Sunday, April 7, 2019
One of my principles here is not to bother with politician horserace
links, especially presidential candidates. One thing I've long held is
that a president is only as good as his (or someday her) party, so the
big question to ask any presidential candidate is: what are you going to
do to get your party elected and make it an effective force? Still, every
now and then I have opinions on specific people. When Greg Magarian griped
Tim Ryan and
Michael Bennet getting a burst of press attention, as have recent
Beto O'Rourke and
Pete Buttigieg raising great gobs of money, I commented:
Worth noting that O'Rourke and Buttigieg are principled neoliberals, and
are raising money as such. They can do that because their youth and
inexperience hasn't saddled them with the sort of baggage the Clinton
establishment bears. That's bad news for Biden, who would be the obvious
next-in-line for Clinton's donors if they didn't suspect that the brand
is ruined. They may also be thinking that running someone young and
outside might help crack Sanders' lead among young voters -- something
Biden has no prayer of doing.
The one candidate I've been hearing the most (and most negative) about
is Joe Biden. He hasn't announced yet, but evidently the decision has been
made, the timing around Easter. Biden has led recent polls, but that can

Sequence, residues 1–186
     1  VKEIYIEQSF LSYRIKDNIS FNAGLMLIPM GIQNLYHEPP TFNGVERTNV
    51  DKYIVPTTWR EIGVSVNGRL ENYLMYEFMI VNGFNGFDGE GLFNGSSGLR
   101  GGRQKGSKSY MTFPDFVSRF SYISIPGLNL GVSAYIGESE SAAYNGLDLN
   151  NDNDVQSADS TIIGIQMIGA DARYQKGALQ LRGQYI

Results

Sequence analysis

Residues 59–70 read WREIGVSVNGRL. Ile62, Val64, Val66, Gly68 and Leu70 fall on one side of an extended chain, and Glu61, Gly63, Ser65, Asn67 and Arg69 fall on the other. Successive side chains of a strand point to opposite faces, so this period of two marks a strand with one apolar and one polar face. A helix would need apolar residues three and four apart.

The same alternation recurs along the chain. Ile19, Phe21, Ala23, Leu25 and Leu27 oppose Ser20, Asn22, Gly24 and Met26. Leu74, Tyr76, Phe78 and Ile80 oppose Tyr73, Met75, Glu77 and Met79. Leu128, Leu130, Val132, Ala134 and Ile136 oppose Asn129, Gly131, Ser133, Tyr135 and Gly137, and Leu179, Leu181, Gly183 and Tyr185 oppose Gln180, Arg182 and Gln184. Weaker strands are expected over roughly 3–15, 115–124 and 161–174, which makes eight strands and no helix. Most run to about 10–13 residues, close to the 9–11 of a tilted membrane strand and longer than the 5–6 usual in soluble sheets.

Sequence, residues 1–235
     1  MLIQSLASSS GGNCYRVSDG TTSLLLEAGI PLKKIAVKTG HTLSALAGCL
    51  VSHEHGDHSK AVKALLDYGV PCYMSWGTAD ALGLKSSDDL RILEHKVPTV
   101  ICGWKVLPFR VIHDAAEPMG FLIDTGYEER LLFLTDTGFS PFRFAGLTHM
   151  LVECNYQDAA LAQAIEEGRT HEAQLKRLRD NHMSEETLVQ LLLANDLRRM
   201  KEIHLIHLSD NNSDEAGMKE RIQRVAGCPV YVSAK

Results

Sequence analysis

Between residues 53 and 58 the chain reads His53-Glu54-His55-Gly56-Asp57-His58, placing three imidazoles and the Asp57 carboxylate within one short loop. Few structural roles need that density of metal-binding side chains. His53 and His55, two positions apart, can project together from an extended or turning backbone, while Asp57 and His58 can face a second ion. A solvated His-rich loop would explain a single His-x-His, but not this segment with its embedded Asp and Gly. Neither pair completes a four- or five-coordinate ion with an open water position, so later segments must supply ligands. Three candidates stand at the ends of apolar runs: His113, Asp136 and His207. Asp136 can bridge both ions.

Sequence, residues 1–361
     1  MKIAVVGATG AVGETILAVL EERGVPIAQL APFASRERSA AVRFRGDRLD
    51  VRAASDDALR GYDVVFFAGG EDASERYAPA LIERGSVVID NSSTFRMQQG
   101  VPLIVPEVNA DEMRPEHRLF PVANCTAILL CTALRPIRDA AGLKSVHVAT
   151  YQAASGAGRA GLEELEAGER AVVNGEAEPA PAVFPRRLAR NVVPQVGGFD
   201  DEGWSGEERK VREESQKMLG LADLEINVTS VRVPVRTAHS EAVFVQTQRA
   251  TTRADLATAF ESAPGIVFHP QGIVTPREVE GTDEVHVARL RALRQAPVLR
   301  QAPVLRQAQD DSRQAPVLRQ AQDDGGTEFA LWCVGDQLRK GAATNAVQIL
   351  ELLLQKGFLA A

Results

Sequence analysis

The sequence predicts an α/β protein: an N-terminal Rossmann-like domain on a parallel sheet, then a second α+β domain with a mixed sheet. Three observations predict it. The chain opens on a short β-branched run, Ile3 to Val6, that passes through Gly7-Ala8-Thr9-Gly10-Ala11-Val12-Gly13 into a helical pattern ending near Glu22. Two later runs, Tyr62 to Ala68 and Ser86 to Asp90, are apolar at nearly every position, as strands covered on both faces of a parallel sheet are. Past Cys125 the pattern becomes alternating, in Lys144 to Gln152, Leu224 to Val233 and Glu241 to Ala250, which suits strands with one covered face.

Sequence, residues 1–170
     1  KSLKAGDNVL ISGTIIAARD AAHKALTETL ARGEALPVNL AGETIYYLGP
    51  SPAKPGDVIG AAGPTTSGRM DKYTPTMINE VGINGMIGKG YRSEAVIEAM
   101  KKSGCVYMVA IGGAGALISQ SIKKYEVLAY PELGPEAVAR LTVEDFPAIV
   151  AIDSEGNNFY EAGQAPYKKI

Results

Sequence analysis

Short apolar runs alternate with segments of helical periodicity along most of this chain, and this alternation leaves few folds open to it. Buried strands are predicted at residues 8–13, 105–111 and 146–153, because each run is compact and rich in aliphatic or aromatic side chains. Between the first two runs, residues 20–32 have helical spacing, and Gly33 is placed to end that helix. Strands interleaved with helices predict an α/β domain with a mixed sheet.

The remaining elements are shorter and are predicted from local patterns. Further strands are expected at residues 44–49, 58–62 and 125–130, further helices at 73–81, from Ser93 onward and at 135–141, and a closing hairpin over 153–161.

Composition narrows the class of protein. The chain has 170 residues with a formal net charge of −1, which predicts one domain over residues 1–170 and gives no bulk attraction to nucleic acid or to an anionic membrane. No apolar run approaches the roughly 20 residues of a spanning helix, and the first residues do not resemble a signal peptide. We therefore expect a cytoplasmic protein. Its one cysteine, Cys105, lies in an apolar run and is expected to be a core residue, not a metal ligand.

be attributed to his much greater name resolution. I've always figured the
decision would turn on whether he's willing to risk his legacy on a very
likely loss, but I suppose the decision will turn mostly on whether he can
line up sufficient funding. (I had some doubts that Bernie Sanders would
run, but when I saw his early funding reports, I immediately realized I
was being silly.) Clearly, he didn't run in 2016 because Hillary Clinton
had locked up most of his possible funding. That's less obvious this year,
but a lot of competitive candidates have jumped in ahead of him.
Biden isn't awful, but he has a lot of baggage, including a lot of
things that wound up hurting Clinton in 2016 (like that Iraq War vote).
Some of those things could hurt him in the primaries, especially his
rather dodgy record on race and crime, and with women. Other things,
like his plagiarism scandal, will hurt him more in the general election.
But the big problem there is that he was a Washington insider and party
leader for so long that he makes it easy for Republicans to spin this
election into a referendum on forty years of Democratic Party failures.
Obama was largely able to avoid that in 2008, but Clinton couldn't in
Also, there is the nagging suspicion that he isn't really a very good